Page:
In a win for Internet trolls and teenage cybercriminals everywhere, a Finnish court has decided not to incarcerate a 17-year-old found guilty of more than 50,000 cybercrimes, including data breaches, payment fraud, operating a huge botnet and calling in bomb threats, among other violations.
As the Finnish daily Helsingin Sanomat reports, Julius Kivimäki — a.k.a. “Ryan” and “Zeekill” — was given a two-year suspended sentence and ordered to forfeit EUR 6,558.
Kivimaki vaulted into the media spotlight late last year when he claimed affiliation with the Lizard Squad, a group of young hooligans who knocked offline the gaming networks of Microsoft and Sony for most of Christmas Day.
According to the BBC, evidence presented at Kivimaki’s trial showed that he compromised more than 50,000 computer servers by exploiting vulnerabilities in Adobe’s Cold Fusion web application software. Prosecutors also said Kivimaki used stolen credit cards to buy luxury goods and shop vouchers, and participated in a money laundering scheme that he used to fund a trip to Mexico.
Kivimaki allegedly also was involved in calling in multiple fake bomb threats and “swatting” incident — reporting fake hostage situations at an address to prompt a heavily armed police response to that location. DailyDot quotes Blair Strater, a victim of Kivimaki’s swatting and harassment, who expressed disgust at the Finnish ruling.
Speaking with KrebsOnSecurity, Strater called Kivimaki “a dangerous sociopath” who belongs behind bars.
Although it did not factor into his trial, sources close to the Lizard Squad investigation say Kivimaki also was responsible for making an August 2014 bomb threat against former Sony Online Entertainment President John Smedley that grounded an American Airlines plane. That incident was widely reported to have started with a tweet from the Lizard Squad, but Smedley and others say it started with a call from Kivimaki.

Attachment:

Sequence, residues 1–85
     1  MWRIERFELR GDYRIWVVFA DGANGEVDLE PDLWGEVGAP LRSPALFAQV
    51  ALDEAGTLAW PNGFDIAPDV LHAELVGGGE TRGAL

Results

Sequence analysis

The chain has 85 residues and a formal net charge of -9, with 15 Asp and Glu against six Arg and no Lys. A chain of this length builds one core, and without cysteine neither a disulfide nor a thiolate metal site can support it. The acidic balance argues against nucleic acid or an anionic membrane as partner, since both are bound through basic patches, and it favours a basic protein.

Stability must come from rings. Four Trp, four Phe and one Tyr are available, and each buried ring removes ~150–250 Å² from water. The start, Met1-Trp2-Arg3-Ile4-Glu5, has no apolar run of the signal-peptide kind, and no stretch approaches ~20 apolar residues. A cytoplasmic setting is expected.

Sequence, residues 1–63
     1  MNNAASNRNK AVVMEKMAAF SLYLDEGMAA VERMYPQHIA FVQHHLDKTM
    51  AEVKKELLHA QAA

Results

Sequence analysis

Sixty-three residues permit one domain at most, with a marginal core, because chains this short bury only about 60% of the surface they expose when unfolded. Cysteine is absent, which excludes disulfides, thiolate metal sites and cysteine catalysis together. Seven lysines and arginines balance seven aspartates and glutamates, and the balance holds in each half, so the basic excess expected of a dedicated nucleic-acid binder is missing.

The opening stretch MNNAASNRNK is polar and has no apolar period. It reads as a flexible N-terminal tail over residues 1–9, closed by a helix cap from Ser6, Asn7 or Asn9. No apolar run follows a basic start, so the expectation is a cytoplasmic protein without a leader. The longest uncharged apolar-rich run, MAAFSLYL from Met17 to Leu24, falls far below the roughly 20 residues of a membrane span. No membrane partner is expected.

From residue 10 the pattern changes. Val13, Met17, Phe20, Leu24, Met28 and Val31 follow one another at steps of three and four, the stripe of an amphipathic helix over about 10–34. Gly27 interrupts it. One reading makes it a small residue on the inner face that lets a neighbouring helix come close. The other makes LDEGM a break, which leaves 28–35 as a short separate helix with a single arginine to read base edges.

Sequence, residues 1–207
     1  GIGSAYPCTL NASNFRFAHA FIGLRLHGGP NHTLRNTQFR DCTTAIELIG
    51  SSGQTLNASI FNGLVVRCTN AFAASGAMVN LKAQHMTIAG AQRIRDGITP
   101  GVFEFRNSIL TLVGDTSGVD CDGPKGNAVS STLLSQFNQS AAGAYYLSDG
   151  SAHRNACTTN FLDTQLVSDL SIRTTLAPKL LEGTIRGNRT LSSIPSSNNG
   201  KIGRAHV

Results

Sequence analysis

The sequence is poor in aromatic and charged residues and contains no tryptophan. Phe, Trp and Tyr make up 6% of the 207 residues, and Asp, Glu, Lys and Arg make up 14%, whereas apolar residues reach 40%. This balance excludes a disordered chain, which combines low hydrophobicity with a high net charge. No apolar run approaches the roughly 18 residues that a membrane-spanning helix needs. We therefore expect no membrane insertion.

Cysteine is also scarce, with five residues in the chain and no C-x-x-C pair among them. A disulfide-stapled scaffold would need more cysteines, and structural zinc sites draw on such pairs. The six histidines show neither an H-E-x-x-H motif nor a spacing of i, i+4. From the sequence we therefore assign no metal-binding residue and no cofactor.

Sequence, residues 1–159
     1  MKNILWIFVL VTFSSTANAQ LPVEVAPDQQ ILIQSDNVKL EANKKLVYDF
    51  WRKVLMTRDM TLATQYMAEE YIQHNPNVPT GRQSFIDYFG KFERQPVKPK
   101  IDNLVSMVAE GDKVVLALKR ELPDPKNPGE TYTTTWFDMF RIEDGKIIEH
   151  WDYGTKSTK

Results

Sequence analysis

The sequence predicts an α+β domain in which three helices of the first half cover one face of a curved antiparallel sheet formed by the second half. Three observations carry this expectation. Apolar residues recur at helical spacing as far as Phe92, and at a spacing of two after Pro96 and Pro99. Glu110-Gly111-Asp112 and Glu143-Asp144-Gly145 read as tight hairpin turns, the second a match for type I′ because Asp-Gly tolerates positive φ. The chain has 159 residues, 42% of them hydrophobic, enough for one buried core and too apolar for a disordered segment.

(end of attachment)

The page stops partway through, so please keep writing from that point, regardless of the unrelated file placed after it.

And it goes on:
In a phone interview, Smedley said he was disappointed that the judicial system in Finland didn’t do more.
“I personally got to listen to a recording of him calling in to American Airlines, and I know it was him because I talked to him myself,” Smedley said. “He’s done all kinds of bad stuff to me, including putting all of my information out on the Internet. He even attempted to use my credit numerous times. The harassment literally just did not stop.”
In an online interview with KrebsOnSecurity, Kivimaki denied involvement with the American Airlines incident, and said he was not surprised by the leniency shown by the court in his trial.
“During the trial it became apparent that nobody suffered significant (if any) damages because of the alleged hacks,” he said.
The danger in a decision such as this is that it emboldens young malicious hackers by reinforcing the already popular notion that there are no consequences for cybercrimes committed by individuals under the age of 18.
Case in point: Kivimaki is now crowing about the sentence; He’s changed the description on his Twitter profile to “Untouchable hacker god.” The Twitter account for the Lizard Squad tweeted the news of Kivimaki’s non-sentencing triumphantly: “All the people that said we would rot in prison don’t want to comprehend what we’ve been saying since the beginning, we have free passes.” Continue reading →